Literacy, achievement and success: Reading the world in order to read the word
This project was a collaboration between Te Whare Wānanga o Awanuiārangi (TWWoA) and the Ministry of Education (the Ministry). The aim of the project was to identify the transforming thinking, actions and practices that contributed to improved literacy and educational achievement. The project focused on the Hei Manaaki: National Certificate of Tourism Māori programme.
Author(s): Vaughan Bidois, Pania Te Maro, David Earle and Chris Lane, Tertiary Sector Performance Analysis, Ministry of Education.
Date Published: August 2017
What the research was about
This project was a collaboration between Te Whare Wānanga o Awanuiārangi (TWWoA) and the Ministry of Education (the Ministry). The project focused on the Hei Manaaki: National Certificate of Tourism Māori programme. The aim of the project was to identify the transforming thinking, actions and practices that contributed to improved literacy and educational achievement. In doing so, the project has applied a broader understanding of improved literacy that includes:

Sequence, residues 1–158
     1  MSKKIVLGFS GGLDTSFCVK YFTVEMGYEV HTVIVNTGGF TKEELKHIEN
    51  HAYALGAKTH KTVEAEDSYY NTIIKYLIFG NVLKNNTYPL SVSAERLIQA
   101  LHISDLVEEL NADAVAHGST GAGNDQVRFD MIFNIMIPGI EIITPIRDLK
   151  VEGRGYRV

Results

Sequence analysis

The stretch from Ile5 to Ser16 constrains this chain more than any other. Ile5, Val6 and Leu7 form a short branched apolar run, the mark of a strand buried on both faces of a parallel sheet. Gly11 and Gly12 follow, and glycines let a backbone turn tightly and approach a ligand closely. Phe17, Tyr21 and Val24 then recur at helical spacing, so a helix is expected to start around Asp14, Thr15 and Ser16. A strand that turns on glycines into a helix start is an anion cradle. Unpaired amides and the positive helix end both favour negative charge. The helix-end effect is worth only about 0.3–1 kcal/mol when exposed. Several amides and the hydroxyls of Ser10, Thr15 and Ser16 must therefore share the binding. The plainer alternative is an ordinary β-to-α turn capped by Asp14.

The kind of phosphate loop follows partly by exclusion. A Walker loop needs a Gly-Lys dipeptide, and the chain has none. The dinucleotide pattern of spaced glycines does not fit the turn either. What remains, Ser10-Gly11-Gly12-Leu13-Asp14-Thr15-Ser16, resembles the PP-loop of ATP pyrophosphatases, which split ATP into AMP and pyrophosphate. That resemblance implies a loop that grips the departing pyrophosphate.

- student engagement
- positive teacher-student relationships
- cultural relevance (place and people)
- social support networks
- raising student expectations and self-efficacy.
How we went about the research
The study was supported by kaupapa Māori theory, and used appreciative inquiry (Preskill, 2006). A kaupapa Māori perspective recognises that student success in one area must be understood in light of success in other areas. It considers the many elements that work together to contribute to improved outcomes. Both kaupapa Māori and appreciative inquiry consider improving the learning system as a whole, rather than focusing on problem finding, deficit thinking and "fixing" individuals.